So many variables! This is why it’s so important to secure the services of an experienced domestic violence attorney in Morgan County like Michael Fulcher Law. Years of practice in Morgan County have given them an in-depth knowledge of how the system—including the courts and the police department—responds to domestic violence accusations. Their goal in these cases is to find solutions that work in the best interest of their clients and their clients’ families.
Examples of Domestic Violence
Domestic violence takes many forms that can include:
- Simple assault: Attempted violent injury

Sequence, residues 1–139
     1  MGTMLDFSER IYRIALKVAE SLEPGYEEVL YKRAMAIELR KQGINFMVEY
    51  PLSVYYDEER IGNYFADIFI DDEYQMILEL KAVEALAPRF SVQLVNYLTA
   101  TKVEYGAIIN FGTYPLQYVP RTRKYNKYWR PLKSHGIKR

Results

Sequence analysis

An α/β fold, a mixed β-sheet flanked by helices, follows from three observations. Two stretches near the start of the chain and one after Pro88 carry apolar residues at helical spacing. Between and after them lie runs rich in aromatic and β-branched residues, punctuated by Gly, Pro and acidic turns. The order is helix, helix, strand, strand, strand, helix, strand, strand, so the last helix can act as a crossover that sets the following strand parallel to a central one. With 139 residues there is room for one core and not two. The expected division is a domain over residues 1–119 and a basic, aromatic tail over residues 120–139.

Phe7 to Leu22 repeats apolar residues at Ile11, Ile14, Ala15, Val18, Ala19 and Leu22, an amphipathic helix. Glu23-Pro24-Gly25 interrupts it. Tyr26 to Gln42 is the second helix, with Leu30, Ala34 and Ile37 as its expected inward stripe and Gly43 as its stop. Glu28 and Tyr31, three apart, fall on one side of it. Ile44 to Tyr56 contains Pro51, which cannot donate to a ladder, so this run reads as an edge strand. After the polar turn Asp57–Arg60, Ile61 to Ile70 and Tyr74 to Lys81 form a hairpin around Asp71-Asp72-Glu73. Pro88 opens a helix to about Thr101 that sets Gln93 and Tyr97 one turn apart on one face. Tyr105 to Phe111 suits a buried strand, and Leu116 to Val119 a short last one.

- Aggravated assault: Attempted violent injury (murder, rape, robbery) with the aid of a weapon
- Simple battery: Physical contact with intent to insult or provoke
- Battery: Intentionally causing someone visible physical harm
- Stalking: Following, surveilling, harassing, or contacting someone against their wishes with the intention of intimidating or harassing that person. Here is an example:
A few weeks after breaking up with the woman he’d been living with for 4 years, the man starts receiving text messages from her. First, these are brief and friendly—“How’s your day going?” “Are you asleep yet? I’m not!”—but then he starts getting 10 a day, then 20. She also messages him on Facebook, commenting on all his posts. “Wow, looks like you and Nick and Chloe had a fun time together the other night.” Finally, he unfriends her and asks her to please stop texting.